Aliwal Shoal is basically a “Three Dive Destination”:-

  • A reef dive destination.
  • A wreck dive destination.
  • A shark dive destination.

A reef dive Destination:

Aliwal Shoal itself is a reef created out of fossilised sandstone almost 80 000 years ago. The area around the shoal consisted of sand dunes and, with heavy rains, the sand and shale dissolved forming a compound of calcium carbonate, which today forms the main body of the shoal.

With the shifting of the continental shelf, approximately 6 500 years ago, the sea level rose causing the flooding of the dunes. Over the years with the continual deposits of sand, sea shells and other reef building materials, a large and elaborate structure was created which today is known today as Aliwal Shoal.

Aliwal is about 2½ km’s long with a width averaging 150 meters. Depths very from 6 to 27 meters (19 to 88 ft) and the shoal offers a tapestry of diversity. The Cathedral area of the reef is one of the more spectacular dives. Its inhabitants include the Ragged Tooth Shark, Loggerhead Turtle and Ribbon Tailed Rays.

A Wreck dive Destination:

In addition to the reef itself, there are also two good wrecks on which to dive. The Produce, an 18 000 ton Norwegian tanker that hit the Shoal and sank in 1974 and the second wreck is the Nebo, which struck the shoal in May 1884 and sunk almost immediately with its cargo of railway material. Both wrecks lie at approximately 30 meters and are fairly intact, which makes for great wreck diving.

A shark dive destination:

On Aliwal there are two methods used to dive with Sharks.

A “baited shark dive” with the target species being Sand Tiger Sharks (Raggies), Zambezi (Bull) Sharks and / or Tiger Sharks. Diving with these three species of Shark is seasonal. Please refer to our Website link https://www.divethebig5.co.za/shark-timetable.html to see what sharks you can expect to encounter, and when. Please remember, the Sharks have not seen this link, so they don’t know where they are supposed to be, and when! Ii addition to “the target species” you can also expect to encounter Dusky Sharks and Black Tip Reef Sharks, as these two species are present on Aliwal all year round.

“Free diving” no bait is needed, with the Sand Tiger Sharks “Raggies” or Grey Nurse Sharks.

Raggies are found on the Shoal from July through October. All “Raggie” diving is done on scuba and we usually do the first dive as early in the morning as possible, at first light, so as the be the first group of divers on the reef, as this is when we "catch" the Raggies resting. As more and more divers descend on the reef this tends to drive the Raggie off. After the first dive we return to the Lodge for surface interval time and breakfast before going out for the second “Raggie” dive. Sometimes we may do a 2 tank dive without coming back for breakfast. SIT is done on the boat.

The Facts:

Aliwal Shoal is situated 5kms (3 miles) off the village of Umkomaas, which is about a 45 minute drive from central Durban.

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Some divers who regularly dive Aliwal say the dive is second only to the boat ride through the breaking surf to get to the shoal, some divers use up all their air on the ride out - before they even enter the water!

Depths vary from 6 to 27 meters (19 to 88 ft.) and offer a tapestry of diversity. The Cathedral area of the reef is one of the more spectacular dives. Its inhabitants include the Ragged Tooth Shark, Loggerhead Turtle and Ribbon Tailed Rays.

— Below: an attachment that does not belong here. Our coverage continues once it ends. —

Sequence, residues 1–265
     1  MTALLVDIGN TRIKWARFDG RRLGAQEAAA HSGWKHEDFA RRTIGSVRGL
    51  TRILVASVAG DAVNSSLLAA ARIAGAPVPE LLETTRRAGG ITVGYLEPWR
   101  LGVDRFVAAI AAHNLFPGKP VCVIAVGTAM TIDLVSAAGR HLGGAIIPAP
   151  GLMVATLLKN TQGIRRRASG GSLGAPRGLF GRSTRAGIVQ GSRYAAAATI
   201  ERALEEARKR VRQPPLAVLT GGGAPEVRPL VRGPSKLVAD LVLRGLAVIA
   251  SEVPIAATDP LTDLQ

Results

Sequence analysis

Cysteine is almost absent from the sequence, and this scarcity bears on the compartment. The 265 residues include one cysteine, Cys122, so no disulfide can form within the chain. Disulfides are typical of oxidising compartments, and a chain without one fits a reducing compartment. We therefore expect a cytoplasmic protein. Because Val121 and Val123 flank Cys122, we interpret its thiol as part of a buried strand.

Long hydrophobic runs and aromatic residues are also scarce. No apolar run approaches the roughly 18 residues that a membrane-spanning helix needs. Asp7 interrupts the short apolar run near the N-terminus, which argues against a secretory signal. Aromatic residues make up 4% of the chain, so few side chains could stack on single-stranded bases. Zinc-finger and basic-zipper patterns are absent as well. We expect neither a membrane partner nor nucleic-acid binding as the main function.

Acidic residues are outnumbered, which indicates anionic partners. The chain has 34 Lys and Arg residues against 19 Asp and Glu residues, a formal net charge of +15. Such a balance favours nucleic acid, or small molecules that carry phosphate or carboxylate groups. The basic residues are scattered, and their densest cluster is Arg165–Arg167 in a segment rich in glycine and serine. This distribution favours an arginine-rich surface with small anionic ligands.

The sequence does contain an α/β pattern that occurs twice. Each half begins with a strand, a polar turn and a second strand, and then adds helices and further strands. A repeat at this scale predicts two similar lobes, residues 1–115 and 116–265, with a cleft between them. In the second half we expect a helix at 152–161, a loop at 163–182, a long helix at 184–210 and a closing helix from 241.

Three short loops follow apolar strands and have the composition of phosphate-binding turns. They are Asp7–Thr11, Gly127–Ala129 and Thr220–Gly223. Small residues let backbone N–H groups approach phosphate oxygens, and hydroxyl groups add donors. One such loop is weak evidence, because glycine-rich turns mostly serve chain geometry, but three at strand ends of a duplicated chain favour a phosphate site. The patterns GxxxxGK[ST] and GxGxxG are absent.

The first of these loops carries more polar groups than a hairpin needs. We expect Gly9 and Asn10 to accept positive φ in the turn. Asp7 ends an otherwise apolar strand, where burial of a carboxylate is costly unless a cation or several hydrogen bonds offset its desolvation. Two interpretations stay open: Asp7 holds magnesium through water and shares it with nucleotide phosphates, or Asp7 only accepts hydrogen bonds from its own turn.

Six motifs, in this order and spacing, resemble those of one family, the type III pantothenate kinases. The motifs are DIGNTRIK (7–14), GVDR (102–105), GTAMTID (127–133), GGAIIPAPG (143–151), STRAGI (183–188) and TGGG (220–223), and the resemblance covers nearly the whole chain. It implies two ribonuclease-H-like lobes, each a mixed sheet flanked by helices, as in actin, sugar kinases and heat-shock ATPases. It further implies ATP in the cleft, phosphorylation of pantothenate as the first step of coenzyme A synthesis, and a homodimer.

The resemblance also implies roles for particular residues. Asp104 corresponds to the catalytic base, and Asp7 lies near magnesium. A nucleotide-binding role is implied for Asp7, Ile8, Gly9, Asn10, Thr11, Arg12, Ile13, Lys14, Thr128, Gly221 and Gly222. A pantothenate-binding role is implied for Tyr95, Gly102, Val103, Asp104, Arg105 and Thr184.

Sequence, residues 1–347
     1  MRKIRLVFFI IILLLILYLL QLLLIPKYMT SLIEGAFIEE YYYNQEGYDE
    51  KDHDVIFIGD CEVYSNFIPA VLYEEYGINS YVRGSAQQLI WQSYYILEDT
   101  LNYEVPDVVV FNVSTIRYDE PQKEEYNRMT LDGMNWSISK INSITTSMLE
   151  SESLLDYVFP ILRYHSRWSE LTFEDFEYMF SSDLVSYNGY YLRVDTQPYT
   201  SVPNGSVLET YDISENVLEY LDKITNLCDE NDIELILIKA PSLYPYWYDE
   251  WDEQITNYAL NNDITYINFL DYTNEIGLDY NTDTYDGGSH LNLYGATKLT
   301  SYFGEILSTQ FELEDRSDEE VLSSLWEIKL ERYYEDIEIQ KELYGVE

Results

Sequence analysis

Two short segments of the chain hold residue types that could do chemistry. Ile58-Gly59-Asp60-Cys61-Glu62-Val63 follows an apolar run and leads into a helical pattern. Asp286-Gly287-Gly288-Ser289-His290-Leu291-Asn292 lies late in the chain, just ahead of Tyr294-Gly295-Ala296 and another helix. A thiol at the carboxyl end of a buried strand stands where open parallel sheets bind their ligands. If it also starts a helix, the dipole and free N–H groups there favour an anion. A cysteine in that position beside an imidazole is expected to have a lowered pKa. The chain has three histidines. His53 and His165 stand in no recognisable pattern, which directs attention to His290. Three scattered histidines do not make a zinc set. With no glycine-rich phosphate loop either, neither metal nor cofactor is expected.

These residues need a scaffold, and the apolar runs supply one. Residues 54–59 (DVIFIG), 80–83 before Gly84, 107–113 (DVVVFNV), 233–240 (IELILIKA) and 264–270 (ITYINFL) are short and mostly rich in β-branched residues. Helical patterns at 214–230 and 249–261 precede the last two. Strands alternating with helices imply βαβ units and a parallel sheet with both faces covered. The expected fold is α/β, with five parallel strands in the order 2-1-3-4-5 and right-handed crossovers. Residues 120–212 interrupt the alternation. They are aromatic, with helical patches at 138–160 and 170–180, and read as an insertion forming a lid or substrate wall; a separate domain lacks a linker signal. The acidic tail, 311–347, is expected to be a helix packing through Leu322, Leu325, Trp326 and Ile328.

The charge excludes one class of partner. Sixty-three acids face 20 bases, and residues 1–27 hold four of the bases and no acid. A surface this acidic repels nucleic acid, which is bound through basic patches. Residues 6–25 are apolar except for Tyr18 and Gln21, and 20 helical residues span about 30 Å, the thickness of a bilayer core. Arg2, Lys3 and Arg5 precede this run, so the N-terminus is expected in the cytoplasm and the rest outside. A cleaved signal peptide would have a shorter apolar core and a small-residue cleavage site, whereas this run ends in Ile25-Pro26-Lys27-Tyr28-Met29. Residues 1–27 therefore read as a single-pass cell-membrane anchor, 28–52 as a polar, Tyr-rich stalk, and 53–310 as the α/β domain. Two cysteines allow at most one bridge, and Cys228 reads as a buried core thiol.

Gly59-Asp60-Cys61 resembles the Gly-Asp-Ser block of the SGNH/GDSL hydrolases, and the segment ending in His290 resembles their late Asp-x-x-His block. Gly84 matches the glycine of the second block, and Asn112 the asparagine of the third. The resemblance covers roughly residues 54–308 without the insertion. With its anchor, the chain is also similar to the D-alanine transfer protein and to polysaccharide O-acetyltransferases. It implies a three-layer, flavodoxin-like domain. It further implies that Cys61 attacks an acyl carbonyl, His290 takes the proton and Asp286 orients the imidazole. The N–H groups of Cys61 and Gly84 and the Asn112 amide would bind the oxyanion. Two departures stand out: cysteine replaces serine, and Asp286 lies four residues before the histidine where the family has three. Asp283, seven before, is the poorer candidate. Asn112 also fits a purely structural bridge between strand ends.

For the more daring diver the reef sports a landmark of international importance - Raggie Cave - one of three locations on the reef famed for its shark diving; the other two being Cathedral and Shark Gully. From July to December the Shoal is the congregation point for Ragged Tooth Sharks, where up to 60 sharks have been encountered at any one time.

In the history of diving the Shoal there has been no recorded incidence of aggression or attack between the thousands of sharks and the hundreds of divers frequenting the reef.

The Aliwal Shoal is not just a vivid pageant of marine life but it is also the final resting-place of two unfortunate ships, which were once ripped asunder by the upper reaches of the reef. The Produce (1974), once a 2000 ton bulk carrier, lies on the sandy bottom at 30 meters (100 ft.) and its rusted framework has formed an established reef, home to many species of fish, including 20 tame Brindle Bass. The Nebo which sank on its maiden voyage in 1884 lies at 25 meters (82 ft.).

The Aliwal Shoal is like a magnet, inextricably drawing countless ocean species into its realm - now it extends the same invitation to you. Water temperatures vary from between 19º C to 25º C (66º F to 77º F).

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The Nebo (1884)

Location: 30º15,20’S, 30º49,00’E north and shoreward of Aliwal Shoal – boat entry.
Maximum depth: 30m (100ft)

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The Nebo struck Aliwal Shoal on May 20, 1884 in fair weather and went down immediately with its cargo of railway material. Fortunately no lives were lost. She lies bottom-up, a rather surreal sight and is still fairly intact.

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The Produce (1974)

Location: 30º 5,00’S, 30º49,30’E north and shoreward of Aliwal Shoal, a little further south and east on the Nebo – boat entry.
Maximum depth: 30m (100ft)

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The Produce was a Norwegian bulk molasses tanker that struck the north-east pinnacle of the shoal on August 11, 1974 and then drifted off to its present resting place where it lies on its side. No lives were lost. Big game fish, such as daga salmon and kingfish are present as are most of the usual small tropical fish and many resident brindle bass.

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Water Temperatures in Aliwal Shoal

Weather in Aliwal Shoal